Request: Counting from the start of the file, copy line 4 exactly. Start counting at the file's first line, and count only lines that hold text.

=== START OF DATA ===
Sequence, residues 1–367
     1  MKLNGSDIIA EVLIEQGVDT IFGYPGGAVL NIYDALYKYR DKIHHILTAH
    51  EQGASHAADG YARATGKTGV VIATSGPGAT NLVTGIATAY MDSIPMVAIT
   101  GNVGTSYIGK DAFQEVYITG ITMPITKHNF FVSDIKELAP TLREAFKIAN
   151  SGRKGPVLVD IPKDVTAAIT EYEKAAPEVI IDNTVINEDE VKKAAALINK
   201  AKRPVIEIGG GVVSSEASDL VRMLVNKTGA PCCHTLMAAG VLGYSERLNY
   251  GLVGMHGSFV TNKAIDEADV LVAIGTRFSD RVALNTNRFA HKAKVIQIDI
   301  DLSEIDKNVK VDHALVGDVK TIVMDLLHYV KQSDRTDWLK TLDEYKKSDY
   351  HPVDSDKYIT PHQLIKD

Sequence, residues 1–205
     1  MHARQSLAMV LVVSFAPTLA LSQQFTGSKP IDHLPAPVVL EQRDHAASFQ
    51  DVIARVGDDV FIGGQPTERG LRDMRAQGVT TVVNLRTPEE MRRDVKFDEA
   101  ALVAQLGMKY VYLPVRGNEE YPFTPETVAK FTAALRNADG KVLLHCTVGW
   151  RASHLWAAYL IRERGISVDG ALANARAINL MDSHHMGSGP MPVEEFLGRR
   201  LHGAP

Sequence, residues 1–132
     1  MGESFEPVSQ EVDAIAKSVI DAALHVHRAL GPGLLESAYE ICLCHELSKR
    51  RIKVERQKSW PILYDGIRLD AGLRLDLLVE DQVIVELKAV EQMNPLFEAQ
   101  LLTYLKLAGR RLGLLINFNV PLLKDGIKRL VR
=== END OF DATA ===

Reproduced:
   101  GNVGTSYIGK DAFQEVYITG ITMPITKHNF FVSDIKELAP TLREAFKIAN